Home Office denies six-year-old’s cannabis hope
Alfie Dingley’s family want a licence to use the drug to combat crippling seizures.
The Government has ruled out allowing a six-year-old boy permission to use cannabis in an effort to combat a rare form of childhood epilepsy, despite mounting pressure from MPs for clemency.
The Home Office said the drug “cannot be practically prescribed, administered or supplied to the public”, meaning Alfie Dingley will not be granted a licence to take the drug.
It came as members of the all-party parliamentary group on drug policy reform called on the Home Office to assist with Alfie’s plight, in an effort to reduce his seizures and hospital visits brought on by his condition.
In a statement, a Home Office spokesman said: “We recognise that people with chronic pain and debilitating illnesses are looking to alleviate their symptoms.
“However, it is important that medicines are thoroughly tested to ensure they meet rigorous standards before being placed on the market, so that doctors and patients are assured of their efficacy, quality and safety.
“Cannabis is listed as a Schedule 1 drug, as in its raw form it is not recognised in the UK as having any medicinal benefit and is therefore subject to strict control restrictions.
“This means it cannot be practically prescribed, administered, or supplied to the public in the UK, and can only be used for research under a Home Office licence.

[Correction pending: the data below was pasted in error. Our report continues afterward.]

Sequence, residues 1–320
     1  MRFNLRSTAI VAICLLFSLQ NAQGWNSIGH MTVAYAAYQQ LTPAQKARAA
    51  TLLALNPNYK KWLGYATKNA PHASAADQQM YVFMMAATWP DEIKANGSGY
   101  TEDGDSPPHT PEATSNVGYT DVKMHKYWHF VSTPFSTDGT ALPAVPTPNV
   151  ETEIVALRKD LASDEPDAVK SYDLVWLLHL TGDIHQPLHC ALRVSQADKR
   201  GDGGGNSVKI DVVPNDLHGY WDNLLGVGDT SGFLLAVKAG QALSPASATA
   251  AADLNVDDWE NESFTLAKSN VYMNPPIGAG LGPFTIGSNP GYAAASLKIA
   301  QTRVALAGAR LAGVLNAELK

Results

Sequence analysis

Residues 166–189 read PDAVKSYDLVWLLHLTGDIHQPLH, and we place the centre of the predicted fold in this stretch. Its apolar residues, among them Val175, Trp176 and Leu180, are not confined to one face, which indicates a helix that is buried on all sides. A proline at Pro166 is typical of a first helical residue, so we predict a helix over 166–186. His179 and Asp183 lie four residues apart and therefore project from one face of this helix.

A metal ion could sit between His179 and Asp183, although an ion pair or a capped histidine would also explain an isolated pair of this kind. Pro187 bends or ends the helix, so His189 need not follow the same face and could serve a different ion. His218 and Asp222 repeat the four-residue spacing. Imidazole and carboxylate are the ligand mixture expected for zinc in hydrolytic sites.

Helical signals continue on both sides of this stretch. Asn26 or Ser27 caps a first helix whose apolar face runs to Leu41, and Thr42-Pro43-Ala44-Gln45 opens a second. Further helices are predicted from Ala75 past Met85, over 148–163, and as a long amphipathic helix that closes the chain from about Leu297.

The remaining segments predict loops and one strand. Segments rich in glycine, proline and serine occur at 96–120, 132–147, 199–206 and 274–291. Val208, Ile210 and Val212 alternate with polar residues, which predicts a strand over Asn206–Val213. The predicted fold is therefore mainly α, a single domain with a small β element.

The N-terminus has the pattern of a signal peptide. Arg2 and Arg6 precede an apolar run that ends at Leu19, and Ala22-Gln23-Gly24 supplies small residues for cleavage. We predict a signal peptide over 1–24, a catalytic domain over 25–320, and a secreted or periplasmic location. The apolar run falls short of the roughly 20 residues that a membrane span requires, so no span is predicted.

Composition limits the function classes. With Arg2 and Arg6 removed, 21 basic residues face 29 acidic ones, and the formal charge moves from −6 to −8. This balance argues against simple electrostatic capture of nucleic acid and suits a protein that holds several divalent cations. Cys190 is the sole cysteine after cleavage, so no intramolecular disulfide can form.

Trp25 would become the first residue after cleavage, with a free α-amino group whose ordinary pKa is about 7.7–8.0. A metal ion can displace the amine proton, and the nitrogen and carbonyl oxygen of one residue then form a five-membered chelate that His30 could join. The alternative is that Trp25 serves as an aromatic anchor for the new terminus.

“The Home Office would not issue a licence to enable the personal consumption of a Schedule 1 drug.”
It (cannabis) cannot be practically prescribed, administered, or supplied to the public in the UK Home Office spokesman
Last September, Alfie went to the Netherlands to take a cannabis-based medication prescribed by a paediatric neurologist, and saw his seizures reduce in number, duration and severity.
But the family have since returned to the UK to continue fundraising for the campaign and to lobby for the licence to be granted.
Grandmother Maggie said: “Alfie has gone from a death sentence to the prospect of a more normal life with school, friends and fun, in his own familiar home.
“We want the people who have the power to give him this gift to put themselves in the position of Alfie’s family, to think creatively and with open minds and to find a way forward.
“Above all we want compassion to find a way round inflexible rules.”
Alfie’s seizures, which can number up to 20 or 30 a day, can gradually be controlled in UK hospitals, but over time it is likely he would be institutionalised with psychosis and die prematurely.